By Anne Gibson
The four traditional Vail high schools and one alternative are preparing to say goodbye to 814 qualifying senior students with graduation ceremonies. The culture of each high school varies, but all four traditional schools have received the grade of “A” from the Arizona State Board of Education. Alternative schools are not graded, but Pantano received the first ever grade offered to an alternative high school, an A+ School of Excellence Award from the Arizona Education Foundation in 2015. The foundation requires all A+ schools to reapply every three years. This April, Pantano’s A+ grade was renewed.
In keeping with the Vail School District’s philosophy of parent choice, high schools have no boundaries. Parents and students pick the high school of their choice conditional on existing vacancies.
Andrada Polytechnic High School is the district’s newest high school opening in 2012 at 12960 S. Houghton Road. Andrada’s culture offers a unique approach to learning for its 1,000 students. In 10th grade, students select a pathway. In addition to their regular core classes and electives, they choose from behavioral health, bioscience, digital communication, engineering, medical assisting, transportation technologies, or veterinary assisting. This year, 140 Andrada seniors will graduate on Saturday, May 18th, 4 PM, at the Tucson Convention Center. “Our Andrada seniors are ready for the real world! With our focus on college and career, our students will be leaving us ready to enter universities, join the military, and with certifications to help them begin working in industries all over the world. We are so proud of our hard-working class of 2019,” said Andrada Principal Julia Kaiser.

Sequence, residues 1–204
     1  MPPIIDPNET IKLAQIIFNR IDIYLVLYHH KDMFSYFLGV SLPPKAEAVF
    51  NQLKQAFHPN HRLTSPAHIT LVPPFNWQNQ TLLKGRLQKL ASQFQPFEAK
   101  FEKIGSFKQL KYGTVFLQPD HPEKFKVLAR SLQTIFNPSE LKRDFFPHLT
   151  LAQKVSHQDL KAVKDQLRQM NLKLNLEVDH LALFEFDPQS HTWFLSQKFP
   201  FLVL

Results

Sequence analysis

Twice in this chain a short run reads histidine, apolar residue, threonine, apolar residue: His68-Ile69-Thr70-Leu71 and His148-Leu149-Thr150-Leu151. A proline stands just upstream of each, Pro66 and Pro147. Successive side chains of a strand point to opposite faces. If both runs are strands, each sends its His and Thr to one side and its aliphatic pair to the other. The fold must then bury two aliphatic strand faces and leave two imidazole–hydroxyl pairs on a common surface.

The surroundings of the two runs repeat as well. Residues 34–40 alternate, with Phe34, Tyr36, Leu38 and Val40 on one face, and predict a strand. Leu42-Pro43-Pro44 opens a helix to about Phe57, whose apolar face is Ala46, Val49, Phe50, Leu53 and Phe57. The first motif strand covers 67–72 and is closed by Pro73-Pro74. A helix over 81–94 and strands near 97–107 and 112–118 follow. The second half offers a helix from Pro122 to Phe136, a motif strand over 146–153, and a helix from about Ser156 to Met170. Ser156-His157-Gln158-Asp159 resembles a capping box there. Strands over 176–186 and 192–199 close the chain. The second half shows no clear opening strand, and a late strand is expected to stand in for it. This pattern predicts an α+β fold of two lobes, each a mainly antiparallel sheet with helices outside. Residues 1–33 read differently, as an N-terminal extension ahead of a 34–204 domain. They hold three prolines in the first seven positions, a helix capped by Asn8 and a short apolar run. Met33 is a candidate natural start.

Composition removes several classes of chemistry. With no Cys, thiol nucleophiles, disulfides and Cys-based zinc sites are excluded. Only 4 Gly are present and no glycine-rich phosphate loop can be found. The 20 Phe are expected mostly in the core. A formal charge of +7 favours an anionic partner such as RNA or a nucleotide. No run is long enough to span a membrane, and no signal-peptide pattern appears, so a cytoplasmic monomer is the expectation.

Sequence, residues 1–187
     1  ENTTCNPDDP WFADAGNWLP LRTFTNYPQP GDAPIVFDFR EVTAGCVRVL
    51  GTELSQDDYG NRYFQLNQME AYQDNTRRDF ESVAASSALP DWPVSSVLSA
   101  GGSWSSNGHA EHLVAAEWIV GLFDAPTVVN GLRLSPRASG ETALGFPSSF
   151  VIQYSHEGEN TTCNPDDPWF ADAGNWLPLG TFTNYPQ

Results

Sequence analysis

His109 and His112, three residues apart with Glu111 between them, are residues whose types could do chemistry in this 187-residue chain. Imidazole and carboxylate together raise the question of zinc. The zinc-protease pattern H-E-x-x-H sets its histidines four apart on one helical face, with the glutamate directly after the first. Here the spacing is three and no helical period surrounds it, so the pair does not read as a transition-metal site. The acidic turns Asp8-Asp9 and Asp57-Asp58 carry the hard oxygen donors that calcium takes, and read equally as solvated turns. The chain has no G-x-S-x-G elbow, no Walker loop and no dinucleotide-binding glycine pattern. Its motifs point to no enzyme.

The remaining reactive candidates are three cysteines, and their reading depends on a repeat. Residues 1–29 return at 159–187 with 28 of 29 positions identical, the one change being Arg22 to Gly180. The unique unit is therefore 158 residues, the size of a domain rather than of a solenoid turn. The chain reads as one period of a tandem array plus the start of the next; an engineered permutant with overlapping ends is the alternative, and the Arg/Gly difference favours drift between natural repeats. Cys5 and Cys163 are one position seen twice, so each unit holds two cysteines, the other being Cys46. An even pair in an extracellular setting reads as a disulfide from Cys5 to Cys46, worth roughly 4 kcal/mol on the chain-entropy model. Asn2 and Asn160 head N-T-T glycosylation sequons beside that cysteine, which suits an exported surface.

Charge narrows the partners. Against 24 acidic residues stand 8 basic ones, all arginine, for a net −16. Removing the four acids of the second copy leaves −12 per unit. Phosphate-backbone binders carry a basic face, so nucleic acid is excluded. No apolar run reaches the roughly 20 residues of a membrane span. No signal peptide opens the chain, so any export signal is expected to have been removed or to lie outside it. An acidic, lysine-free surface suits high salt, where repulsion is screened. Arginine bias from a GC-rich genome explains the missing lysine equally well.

Cienega High School is Vail’s first comprehensive high school opening in 2001 at 12775 E. Mary Ann Cleveland Way. Being the largest high school in Vail, it is able to offer over 100 extra-curricular clubs, an award-winning fine arts program, a variety of
advanced placement courses, a competitive sports program, and the largest Navy Junior ROTC program in Arizona. According to Cienega Counselor John Tritz, Cienega enrolled 1,951 students this year and 498 seniors will graduate on Saturday, May 18th, 7 PM, at the Tucson Convention Center. “Hard work, dedication and perseverance are the best way to describe this year’s seniors at Cienega High School. Our students have “grit.” The 2019 graduating students are leaders and will make a difference. We have scholars, champions, and over $11 million in scholarships earned from our graduates. Our students are some of the best people I know and will be successful in their adult lives. Our seniors are a huge part of our A label, A+ School Award and overall excellence! We are Bobcat Nation,” said Cienega High School Principal Nemer Hassey.